“No, but it’s the way men always celebrate, isn’t it?”
The Professor wanted the whole story of the writing of the book, the prize winning, Mr. Frohman’s order, and all, so, after breakfast, she made a clean breast of it, and they laughed over it for a couple of hours. Then Jarvis’s message came. Her face quivered as she read it.
“What is it, dear? Is it Jarvis?”
She nodded, the slow tears falling.
“He isn’t hurt?”
“Not physically hurt, but I’ve hurt his feelings. Oh, Daddy, I’ve made such a mess of it. I wanted to be dazzled by my success, because he thinks I’m a helpless sort of thing, and now he only hates me for it.”
She broke down and wept bitterly. The Professor, distressed and helpless, took her into his arms and petted her.
“There, there, Baby, it will work out all right. Just let us go home, where we’re used to things, and everything will look different.”
“Yes, that’s it, we’ll all go home,” sobbed Bambi, wiping her eyes.
“Where is Jarvis?”
“I don’t know. But I can leave word for him here that we’ve gone back home.”
“Then we can get the two o’clock train. Nothing but misery comes to people in these cities.”
By dint of much hurry they caught the train, Ardelia protesting up to the moment when the train started that they couldn’t possibly make it. Bambi sat, chin on hand, all the way, a sad, pale-faced figure. No one could suspect, to see her now, that she had been the brilliant flame-thing of the night before. Once the Professor patted her hand and she tried to smile at him, but it wasn’t much of a success.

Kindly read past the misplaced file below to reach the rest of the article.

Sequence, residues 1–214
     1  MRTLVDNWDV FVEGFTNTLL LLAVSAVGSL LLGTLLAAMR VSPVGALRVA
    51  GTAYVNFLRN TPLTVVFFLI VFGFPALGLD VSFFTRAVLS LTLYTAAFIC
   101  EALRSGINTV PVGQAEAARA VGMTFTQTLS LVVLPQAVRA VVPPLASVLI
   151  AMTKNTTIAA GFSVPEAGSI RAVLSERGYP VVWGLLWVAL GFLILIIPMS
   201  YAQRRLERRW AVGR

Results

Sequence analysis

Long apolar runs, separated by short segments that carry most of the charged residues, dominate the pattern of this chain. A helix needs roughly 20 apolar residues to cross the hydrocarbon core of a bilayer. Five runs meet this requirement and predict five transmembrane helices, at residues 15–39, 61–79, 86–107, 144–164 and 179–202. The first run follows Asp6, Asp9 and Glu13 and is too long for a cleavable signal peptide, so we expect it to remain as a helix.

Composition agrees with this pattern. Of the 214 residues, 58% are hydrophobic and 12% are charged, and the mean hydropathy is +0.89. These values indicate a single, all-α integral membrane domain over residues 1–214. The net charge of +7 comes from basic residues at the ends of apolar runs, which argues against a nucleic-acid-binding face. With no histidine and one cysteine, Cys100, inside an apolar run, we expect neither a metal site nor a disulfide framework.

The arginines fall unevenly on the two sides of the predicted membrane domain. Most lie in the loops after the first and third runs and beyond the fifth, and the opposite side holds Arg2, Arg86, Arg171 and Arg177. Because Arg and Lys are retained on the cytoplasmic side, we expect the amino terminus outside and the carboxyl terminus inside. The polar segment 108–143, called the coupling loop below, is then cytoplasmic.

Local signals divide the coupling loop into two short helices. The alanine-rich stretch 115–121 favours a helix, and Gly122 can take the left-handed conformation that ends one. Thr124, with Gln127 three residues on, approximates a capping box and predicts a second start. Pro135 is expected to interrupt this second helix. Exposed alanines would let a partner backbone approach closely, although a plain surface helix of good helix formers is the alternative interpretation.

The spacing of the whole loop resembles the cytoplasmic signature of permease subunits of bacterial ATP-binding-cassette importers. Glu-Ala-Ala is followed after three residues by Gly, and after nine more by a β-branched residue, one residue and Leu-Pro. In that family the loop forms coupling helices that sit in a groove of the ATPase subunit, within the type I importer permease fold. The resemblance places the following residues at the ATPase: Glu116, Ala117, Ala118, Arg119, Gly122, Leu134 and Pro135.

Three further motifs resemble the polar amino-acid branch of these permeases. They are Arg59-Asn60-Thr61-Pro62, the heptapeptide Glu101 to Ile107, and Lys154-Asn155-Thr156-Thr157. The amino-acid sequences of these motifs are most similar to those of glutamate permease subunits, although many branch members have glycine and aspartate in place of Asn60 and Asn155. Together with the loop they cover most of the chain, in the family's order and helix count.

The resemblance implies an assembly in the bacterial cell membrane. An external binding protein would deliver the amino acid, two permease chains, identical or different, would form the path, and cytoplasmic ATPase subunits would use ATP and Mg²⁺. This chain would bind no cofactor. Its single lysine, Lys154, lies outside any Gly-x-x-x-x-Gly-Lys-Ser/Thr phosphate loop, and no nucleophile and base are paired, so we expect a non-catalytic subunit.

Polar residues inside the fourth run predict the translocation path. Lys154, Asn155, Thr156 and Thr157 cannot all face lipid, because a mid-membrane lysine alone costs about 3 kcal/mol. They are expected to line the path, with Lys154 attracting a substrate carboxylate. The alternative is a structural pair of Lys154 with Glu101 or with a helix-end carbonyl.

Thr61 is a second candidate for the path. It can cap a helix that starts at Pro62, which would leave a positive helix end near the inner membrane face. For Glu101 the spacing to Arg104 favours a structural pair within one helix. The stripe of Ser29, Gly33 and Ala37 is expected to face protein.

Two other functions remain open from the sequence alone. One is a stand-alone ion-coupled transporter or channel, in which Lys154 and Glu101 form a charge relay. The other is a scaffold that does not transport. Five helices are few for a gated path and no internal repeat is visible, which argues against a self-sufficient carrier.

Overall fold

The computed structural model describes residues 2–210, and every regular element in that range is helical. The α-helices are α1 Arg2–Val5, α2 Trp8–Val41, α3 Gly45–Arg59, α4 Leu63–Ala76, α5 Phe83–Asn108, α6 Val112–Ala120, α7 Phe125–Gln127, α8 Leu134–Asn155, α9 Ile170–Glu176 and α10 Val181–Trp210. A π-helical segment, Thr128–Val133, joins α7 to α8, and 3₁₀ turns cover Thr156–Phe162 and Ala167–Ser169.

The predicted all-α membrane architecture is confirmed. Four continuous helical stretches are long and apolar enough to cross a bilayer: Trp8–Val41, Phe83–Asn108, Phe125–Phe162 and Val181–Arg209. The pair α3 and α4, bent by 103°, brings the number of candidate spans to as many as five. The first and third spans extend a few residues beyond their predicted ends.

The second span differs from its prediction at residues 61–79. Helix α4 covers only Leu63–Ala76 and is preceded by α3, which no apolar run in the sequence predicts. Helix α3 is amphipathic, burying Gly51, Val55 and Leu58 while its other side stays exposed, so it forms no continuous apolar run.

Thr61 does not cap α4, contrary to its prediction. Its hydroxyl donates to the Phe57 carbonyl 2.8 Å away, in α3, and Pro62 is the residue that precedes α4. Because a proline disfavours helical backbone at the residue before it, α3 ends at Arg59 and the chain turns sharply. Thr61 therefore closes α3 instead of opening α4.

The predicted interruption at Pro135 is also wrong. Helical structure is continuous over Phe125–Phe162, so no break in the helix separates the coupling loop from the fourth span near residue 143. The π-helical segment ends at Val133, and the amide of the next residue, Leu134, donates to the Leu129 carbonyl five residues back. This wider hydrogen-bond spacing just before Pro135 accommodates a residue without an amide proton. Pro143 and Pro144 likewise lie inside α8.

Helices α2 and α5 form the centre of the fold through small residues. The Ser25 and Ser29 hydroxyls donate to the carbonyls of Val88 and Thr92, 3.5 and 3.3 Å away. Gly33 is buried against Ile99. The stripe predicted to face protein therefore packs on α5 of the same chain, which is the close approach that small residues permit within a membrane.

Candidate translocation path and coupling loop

When they entered the house, and Ardelia bustled about to get them some tea, Bambi sat dejectedly, with all her things on, among the travelling-bags.
“Be of good courage, little daughter,” her father said.
“Oh, Father Professor, are the fruits of success always so bitter—so bitter?” she cried to him.
The first week of the play went by, and it was an assured success. The royalty for the first seven days was a surprise, which would have thrown Bambi into raptures under ordinary circumstances. But the Bambi of these days and rapture were no longer playmates.
There had been no word from Jarvis since that time of the first brief message. Bambi went about the house a thin, white-faced, little ghost, with never a song or a smile.
“Fo’ Gawd, Perfessor, it makes me cry to look at Miss Bambi, an’ I don’ dare ask her what’s de mattah.”
“I think we must just let her alone, Ardelia. She’ll work this thing out for herself.” But he, too, was alarmed at the change in her.
The more she thought of how she had thrown away Jarvis’s love, the more she lacerated herself with reproaches. Her fatal love of play-acting had brought her sorrow this time. How could she have done it? Why didn’t she see that Jarvis would never understand what made her do it, that he would resent it.